IMF Lending and Socio-Economic Development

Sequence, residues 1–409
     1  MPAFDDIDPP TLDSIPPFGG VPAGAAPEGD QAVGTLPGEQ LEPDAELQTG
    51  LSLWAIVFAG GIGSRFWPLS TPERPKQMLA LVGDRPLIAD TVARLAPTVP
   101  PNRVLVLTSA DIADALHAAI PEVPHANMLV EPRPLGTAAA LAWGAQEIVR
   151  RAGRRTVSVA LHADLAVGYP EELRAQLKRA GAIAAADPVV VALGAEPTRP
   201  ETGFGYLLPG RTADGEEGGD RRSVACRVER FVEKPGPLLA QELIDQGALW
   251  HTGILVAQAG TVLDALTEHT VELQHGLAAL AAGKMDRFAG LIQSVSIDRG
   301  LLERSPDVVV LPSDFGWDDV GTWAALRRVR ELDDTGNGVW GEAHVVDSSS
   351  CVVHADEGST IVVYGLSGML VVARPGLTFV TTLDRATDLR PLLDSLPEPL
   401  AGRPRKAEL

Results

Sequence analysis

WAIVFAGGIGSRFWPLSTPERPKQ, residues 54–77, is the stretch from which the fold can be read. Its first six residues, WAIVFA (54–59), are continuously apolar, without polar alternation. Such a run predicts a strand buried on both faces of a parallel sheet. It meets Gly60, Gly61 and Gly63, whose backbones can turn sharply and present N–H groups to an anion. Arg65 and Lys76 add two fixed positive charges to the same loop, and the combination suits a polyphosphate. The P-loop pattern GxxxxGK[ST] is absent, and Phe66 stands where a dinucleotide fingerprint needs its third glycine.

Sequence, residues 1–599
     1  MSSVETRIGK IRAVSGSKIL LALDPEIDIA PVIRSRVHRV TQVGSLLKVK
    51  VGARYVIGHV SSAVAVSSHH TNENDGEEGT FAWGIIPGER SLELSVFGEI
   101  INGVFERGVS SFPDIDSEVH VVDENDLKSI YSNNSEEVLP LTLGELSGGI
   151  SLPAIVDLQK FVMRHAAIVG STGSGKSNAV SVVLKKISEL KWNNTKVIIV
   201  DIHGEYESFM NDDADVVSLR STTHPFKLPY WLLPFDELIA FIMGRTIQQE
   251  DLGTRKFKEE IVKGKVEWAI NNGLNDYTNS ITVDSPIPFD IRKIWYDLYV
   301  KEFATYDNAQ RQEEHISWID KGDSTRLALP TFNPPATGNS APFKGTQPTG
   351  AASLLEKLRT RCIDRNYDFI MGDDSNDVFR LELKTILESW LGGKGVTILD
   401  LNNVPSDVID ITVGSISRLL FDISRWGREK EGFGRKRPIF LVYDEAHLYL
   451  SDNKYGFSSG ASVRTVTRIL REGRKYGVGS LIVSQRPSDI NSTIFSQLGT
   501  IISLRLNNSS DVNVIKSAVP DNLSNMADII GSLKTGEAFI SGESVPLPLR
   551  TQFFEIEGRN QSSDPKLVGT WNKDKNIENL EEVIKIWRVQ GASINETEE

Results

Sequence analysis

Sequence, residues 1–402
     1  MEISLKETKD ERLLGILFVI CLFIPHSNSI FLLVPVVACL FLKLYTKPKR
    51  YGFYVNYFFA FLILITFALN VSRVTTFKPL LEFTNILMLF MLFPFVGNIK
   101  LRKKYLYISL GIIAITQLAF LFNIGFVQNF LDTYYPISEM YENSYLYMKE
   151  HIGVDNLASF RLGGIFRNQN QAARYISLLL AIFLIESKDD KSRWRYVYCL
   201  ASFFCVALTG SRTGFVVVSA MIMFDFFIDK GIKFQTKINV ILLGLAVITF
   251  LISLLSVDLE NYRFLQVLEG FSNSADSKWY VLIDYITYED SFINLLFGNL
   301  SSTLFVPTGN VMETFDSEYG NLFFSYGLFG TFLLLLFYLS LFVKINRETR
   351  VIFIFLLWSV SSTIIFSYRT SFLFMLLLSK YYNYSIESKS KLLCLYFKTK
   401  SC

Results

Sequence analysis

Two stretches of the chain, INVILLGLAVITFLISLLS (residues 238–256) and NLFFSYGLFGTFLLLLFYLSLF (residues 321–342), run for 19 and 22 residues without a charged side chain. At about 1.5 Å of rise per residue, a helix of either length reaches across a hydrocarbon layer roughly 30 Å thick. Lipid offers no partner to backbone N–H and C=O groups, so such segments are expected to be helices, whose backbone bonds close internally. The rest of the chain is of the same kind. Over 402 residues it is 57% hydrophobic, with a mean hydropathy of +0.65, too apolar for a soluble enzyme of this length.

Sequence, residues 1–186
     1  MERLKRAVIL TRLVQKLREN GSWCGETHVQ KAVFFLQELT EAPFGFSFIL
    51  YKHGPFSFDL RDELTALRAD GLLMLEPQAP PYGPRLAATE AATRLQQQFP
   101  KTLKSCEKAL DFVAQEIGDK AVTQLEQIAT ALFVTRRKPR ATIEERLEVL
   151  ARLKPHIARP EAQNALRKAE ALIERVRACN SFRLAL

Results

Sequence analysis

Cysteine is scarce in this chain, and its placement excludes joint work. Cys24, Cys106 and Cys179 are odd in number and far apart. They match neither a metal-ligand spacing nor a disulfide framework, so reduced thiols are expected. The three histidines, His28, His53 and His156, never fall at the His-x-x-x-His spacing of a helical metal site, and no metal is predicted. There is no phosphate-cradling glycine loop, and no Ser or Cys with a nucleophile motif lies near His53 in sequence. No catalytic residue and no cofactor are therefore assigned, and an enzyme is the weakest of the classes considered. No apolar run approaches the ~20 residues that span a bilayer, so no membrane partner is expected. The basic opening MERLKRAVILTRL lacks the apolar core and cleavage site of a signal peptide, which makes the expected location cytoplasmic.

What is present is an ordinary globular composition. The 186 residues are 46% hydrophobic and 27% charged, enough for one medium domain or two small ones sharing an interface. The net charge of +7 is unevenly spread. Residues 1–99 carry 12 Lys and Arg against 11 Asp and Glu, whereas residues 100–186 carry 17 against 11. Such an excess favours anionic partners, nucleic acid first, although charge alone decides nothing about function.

​The International Monetary Fund (IMF) is an intergovernmental organisation with 189 member-states, seeking to uphold global financial stability. Among its various activities, IMF lending programmes have attracted most attention. In exchange for financial support, borrowing countries agree to implement a package of obligatory policy reforms, or ‘conditionality’.​ What are the social, political, and economic consequences of policy reforms mandated by the International Monetary Fund? How do they affect population health? Which social groups are affected the most? How do people respond to these consequences? This research deploys data from an original database of IMF policy reforms, available at IMF Monitor, to investigate the effects of IMF lending on state capacity, health policies, foreign aid, and related areas. This project is funded by the Cambridge Political Economy Society Trust.

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